Manhunt With Joel Lambert

Manhunt With Joel Lambert

Mondays 2000, from 7 April (1900 BKK/JKT, 2100 KUL)

Former Navy SEAL and escape and evasion expert Joel Lambert is on an ultimate real-life chase against the world’s most elite military and law enforcement tracking teams.

To capture Joel, these highly trained tracking units can use any assets available to them in a real world manhunt. Joel, on the other hand, will only be provided with minimal supplies to survive – for anything else that he needs, he must search for along the way. Armed with only a basic survival kit and his wits, Joel is dropped on location in the Philippines, South Korea, South Africa, United States, Poland and Panama with a head start. He has up to 48 hours to reach a pre-determined extraction point that only he is aware of, with a different hunter force agency hot on his heels each week. He will also have to face treacherous terrain and deadly wildlife. 

Catch the excitement in this extreme version of hide-and-seek. The hunt is on.


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Manhunt With Joel Lambert - New Series

Mondays 8pm, from 7 April (7pm BKK/JKT, 9pm KUL)

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The Game

Photo Gallery

Click on the image above to view the photo gallery.


Watch some of the incredible challenges Joel and the crew faced while filming, and pick up some valuable tips for travelling in the wild from Inside The Hunt.



Joel was raised in Washington State in a small logging town on the Columbia River. Growing up, Joel had no direction but only knew he wanted something that would challenge him and was searching for a path that would be the most rewarding and the most risky.

In 1998, Joel joined the Navy and made it through Basic Underwater Demolition/SEAL (BUD/S), the brutal and gruelling selection course for the SEAL Teams. During his 10 years in the military, he was deployed on combat missions to locations including Afghanistan, the European theatre and Kosovo. Joel operated within SEAL Teams 2 and 4 for eight years; he planned and participated in over 20 real-world combat missions, headed the mission critical ordnance department containing all weaponry and optics for 16 SEAL operators, and trained SEAL operators and foreign special operations personnel from Singapore, Thailand, Greece, Egypt, Germany, Netherlands and Estonia.

Joel’s qualifications include training in Survival, Evasion, Resistance and Escape; heavy weapons, stinger missile systems, close quarters defense and battle, Military Free-fall, and also Dive Supervisor.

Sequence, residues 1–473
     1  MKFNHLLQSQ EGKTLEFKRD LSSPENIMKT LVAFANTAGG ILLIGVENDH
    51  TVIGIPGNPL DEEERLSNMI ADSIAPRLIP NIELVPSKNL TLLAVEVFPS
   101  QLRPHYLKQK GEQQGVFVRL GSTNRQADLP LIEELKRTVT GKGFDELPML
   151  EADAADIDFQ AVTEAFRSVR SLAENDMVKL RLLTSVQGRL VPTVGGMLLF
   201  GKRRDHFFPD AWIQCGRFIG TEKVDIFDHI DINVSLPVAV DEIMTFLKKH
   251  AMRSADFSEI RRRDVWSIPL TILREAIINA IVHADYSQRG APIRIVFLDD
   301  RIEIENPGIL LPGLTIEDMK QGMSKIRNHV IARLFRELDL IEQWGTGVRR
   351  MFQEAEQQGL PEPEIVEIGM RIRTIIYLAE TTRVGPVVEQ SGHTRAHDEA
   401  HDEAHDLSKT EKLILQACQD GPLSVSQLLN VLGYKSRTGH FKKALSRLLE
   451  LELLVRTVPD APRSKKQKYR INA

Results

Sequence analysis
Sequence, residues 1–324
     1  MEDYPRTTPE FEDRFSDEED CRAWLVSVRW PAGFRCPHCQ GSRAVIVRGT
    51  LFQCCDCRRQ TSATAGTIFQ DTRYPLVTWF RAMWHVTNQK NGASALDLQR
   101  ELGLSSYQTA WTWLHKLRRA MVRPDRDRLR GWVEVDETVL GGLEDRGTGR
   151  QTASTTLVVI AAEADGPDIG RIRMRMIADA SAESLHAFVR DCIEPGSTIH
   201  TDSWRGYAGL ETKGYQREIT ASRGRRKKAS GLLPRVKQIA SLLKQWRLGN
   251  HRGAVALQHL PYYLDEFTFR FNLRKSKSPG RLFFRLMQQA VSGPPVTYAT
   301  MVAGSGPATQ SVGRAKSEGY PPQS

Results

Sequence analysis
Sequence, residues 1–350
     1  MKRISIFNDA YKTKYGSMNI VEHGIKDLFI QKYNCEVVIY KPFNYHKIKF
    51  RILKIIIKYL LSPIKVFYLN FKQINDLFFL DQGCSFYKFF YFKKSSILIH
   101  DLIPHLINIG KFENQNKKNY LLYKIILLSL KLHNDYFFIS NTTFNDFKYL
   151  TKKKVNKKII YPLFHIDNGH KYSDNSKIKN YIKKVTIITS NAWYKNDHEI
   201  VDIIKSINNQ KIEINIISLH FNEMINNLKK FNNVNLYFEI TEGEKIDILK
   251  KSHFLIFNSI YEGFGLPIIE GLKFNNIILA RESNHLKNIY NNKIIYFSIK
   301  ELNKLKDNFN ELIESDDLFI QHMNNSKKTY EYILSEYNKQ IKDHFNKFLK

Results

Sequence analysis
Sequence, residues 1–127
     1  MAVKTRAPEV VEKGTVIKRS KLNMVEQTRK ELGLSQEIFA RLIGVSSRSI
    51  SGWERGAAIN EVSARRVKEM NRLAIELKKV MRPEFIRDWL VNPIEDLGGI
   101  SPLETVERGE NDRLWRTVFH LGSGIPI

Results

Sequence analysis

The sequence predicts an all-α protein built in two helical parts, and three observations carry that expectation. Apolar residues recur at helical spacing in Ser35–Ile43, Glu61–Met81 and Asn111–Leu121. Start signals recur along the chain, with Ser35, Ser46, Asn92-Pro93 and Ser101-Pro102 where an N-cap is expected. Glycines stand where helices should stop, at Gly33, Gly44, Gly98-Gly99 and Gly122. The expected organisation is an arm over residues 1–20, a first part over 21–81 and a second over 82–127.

After his last tour in Afghanistan, Joel spent two years as a BUD/S instructor, the screening and selection program for the Navy SEALs. Joel earned the designation ‘Master Training Specialist’ in recognition of superior training and briefing skills and was consistently in the top 10 percent of instructor staff.

Did You Know...?

  • The Philippines’ Army Scout Rangers are the most elite unit within that country’s Special Operations Command, and are adept at using camouflage to hide themselves from the human quarry they are pursuing.  
  • Combat aviators wear one-way signal-emitting transmitters attached to their uniforms, so they can be tracked if they’re shot down or crash behind enemy lines. [1]
  • One useful drill in survival training is the KIMS game, in which participants try to recall assortments of 10 to 20 objects that they only briefly see. [2]
  • Navy SEALs learn in their training that the ‘V’ in Survival stands for “vanquish fear and panic.”
  • In survival lingo, a camouflage outfit is also known as a “Ghillie Suit”, a term borrowed from Scottish hunters.
  • Ancient Egyptian and Roman soldiers used tracker dogs to hunt down human quarry. [3]
  • Trackers look for disturbed leaves, soil and other subtle indications that their target has passed through an area. [2]
  • The easiest place to track a fleeing target is in tall grass, where it is difficult to avoid tramping down areas and leaving a trail.[2]    
  • Trackers know that targets eventually will have to empty their bowels, and will look for human waste as a clue to their whereabouts. [2]
  • One way to throw off trackers using dogs is to drag your clothing through animal manure or mud to mask your scent.  
  • Insects actually contain 60 to 85 percent protein, compared to 20 percent for beef. That makes them an excellent food source for someone trying to escape through a wooded area. [4]
  • Survival experts say that sheer stubbornness – an annoying trait in ordinary times –can be a valuable quality when evading capture. [4] 
[1] The Spokesman-Review (29 August 2007). Behind Barbed Wire. [ONLINE] Available at: [Last accessed: 9 January 2014]
[2] Robert Valdes. How Military Snipers Work. [ONLINE] Available at: [Last Accessed 10 January 2014].